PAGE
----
Figure 5 Network analysis of differentially expressed metabolites in CSF and serum of NOD macaques.
Notes: *The data was from our published work (Xu et al16). Red-colored boxes and red-colored lines indicate upregulation in NOD macaques compared with control (CON), while green-colored boxes and green-colored lines indicate downregulation. The width of the line represents the VIP scores of differential metabolites.
Abbreviations: NOD, naturally occurring depressive; CSF, cerebrospinal fluid; VIP, variable importance in the projection.


In this study, we for the first time characterized the metabolic changes of CSF samples from NOD cynomolgus monkeys relative to matched controls. We found that the NOD macaques were mainly characterized by perturbations in fatty acid biosynthesis, ABC transport system, and amino acid metabolism. Interestingly, the eight altered CSF metabolites, belonging to short-chain fatty acid and amino acids, were also observed in the serum sample of NOD model. These findings suggest that perturbations in peripheral and central short-chain fatty acids and amino acids are implicated in the onset of depression. Perturbations in lipid and amino acid metabolism were also reported in depressive patients31,32 and rodent models.6,33,34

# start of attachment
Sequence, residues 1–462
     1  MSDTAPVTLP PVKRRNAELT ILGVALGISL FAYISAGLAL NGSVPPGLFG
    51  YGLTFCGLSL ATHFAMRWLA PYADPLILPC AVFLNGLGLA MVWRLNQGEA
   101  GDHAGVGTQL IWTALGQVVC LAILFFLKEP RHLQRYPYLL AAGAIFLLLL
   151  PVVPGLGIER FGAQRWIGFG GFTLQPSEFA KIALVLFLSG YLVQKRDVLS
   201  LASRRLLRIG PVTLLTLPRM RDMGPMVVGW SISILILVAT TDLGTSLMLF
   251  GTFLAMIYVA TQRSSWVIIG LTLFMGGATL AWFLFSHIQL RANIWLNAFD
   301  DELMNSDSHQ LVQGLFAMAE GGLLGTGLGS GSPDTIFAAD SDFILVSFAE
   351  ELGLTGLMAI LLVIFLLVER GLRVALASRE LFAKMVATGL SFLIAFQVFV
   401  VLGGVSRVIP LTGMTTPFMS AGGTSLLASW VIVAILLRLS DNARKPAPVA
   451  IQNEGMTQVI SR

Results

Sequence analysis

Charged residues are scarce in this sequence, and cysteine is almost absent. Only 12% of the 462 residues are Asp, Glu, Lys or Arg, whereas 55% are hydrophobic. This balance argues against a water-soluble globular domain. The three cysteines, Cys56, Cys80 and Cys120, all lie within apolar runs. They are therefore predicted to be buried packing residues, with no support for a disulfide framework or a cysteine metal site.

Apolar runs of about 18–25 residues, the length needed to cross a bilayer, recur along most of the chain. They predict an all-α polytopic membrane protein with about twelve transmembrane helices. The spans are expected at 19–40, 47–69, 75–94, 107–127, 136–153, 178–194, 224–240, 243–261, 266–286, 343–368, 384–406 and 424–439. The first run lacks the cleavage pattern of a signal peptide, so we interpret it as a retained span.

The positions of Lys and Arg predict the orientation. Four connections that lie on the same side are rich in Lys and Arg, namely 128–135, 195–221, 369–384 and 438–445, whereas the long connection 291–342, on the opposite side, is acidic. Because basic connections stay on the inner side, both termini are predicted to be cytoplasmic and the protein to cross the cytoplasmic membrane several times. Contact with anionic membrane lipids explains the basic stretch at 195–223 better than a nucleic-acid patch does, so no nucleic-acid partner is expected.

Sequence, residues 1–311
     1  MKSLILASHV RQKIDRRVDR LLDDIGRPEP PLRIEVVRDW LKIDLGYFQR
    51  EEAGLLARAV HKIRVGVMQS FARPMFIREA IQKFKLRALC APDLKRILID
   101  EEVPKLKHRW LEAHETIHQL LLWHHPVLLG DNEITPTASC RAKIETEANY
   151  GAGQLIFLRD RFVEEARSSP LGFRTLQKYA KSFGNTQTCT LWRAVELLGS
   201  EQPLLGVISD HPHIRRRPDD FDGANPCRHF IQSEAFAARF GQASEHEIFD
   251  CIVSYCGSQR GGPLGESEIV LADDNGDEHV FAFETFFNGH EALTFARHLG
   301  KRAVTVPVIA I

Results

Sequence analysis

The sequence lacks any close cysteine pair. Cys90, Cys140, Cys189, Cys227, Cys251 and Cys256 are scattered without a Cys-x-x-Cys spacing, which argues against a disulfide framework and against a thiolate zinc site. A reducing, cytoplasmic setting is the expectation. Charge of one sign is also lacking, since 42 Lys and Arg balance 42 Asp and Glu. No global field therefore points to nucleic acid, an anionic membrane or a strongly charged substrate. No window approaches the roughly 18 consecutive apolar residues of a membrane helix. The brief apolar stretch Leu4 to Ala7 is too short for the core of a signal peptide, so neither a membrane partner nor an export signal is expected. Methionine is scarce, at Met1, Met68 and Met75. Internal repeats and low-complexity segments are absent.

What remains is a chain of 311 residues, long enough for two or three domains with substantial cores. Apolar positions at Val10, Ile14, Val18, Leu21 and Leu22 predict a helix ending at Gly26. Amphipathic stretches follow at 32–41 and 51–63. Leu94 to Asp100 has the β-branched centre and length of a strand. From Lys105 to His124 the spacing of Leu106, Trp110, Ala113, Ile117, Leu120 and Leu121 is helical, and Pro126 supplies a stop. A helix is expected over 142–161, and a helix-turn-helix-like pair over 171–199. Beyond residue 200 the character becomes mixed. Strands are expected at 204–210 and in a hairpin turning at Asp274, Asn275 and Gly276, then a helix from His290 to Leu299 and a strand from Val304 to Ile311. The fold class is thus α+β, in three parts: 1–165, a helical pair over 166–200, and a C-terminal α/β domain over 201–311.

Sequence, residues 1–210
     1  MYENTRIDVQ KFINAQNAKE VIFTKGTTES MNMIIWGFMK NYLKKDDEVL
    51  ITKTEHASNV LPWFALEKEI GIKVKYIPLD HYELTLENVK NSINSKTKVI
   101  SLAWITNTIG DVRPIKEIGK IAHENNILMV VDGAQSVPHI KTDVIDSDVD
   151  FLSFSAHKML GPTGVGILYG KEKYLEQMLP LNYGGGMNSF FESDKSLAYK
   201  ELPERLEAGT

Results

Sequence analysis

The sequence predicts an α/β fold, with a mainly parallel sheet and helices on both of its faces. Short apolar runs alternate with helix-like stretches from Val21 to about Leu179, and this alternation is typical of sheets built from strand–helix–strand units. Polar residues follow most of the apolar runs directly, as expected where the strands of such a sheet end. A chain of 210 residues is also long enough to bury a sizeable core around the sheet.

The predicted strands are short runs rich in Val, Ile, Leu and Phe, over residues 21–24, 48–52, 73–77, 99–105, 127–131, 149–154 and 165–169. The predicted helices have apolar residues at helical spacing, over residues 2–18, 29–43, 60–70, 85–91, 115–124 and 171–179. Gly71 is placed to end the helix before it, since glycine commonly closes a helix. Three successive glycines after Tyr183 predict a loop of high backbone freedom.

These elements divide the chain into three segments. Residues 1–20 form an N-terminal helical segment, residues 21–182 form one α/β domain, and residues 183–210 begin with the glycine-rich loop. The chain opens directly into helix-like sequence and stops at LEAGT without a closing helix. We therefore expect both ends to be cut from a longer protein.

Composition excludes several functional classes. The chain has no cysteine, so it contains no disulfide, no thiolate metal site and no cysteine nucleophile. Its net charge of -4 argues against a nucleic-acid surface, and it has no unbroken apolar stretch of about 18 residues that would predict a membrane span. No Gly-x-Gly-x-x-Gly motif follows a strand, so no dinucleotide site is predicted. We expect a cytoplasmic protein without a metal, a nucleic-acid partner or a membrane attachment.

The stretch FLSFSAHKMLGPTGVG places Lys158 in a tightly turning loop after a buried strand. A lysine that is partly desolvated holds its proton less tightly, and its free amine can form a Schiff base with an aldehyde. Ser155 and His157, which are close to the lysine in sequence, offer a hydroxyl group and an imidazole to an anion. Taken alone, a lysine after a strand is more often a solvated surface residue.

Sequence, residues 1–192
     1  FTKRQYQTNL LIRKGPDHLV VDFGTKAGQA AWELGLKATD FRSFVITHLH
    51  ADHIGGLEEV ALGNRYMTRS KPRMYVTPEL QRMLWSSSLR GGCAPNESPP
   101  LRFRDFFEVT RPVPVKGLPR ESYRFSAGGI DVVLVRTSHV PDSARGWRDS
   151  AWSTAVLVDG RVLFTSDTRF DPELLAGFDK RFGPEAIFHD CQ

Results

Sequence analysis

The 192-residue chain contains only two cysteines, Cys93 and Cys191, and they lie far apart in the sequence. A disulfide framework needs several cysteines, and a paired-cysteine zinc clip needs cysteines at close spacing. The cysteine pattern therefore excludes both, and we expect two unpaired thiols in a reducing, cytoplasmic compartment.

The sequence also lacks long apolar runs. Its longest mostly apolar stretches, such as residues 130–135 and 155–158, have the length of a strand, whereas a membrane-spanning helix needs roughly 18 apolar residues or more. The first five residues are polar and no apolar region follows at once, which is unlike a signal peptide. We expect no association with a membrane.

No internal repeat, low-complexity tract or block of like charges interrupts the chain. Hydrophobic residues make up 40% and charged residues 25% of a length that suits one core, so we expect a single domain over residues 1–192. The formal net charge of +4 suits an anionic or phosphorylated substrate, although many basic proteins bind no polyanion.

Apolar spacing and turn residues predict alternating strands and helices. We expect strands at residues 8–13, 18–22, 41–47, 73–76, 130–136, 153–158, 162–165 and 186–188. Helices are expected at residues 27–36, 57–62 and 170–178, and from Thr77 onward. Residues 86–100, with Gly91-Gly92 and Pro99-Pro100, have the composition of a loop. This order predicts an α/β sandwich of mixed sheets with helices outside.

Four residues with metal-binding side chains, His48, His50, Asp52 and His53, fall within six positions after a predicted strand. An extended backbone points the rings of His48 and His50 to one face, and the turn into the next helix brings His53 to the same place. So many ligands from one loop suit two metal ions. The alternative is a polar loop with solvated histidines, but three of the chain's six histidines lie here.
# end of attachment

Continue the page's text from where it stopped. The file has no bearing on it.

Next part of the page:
Higher primates like cynomolgus monkeys appear to be particularly appropriate as a model for mental disorder.35 The cynomolgus monkey model described in our study better resembles the etiological development of depression compared to traditional rodent models, as these depressive monkeys were screened from an approximately natural environment. In this condition, the depressed monkeys demonstrated superior validity without any human intervention, which may better imitate the psychosocial stressors encountered by adult humans living in a resource-based competitive society.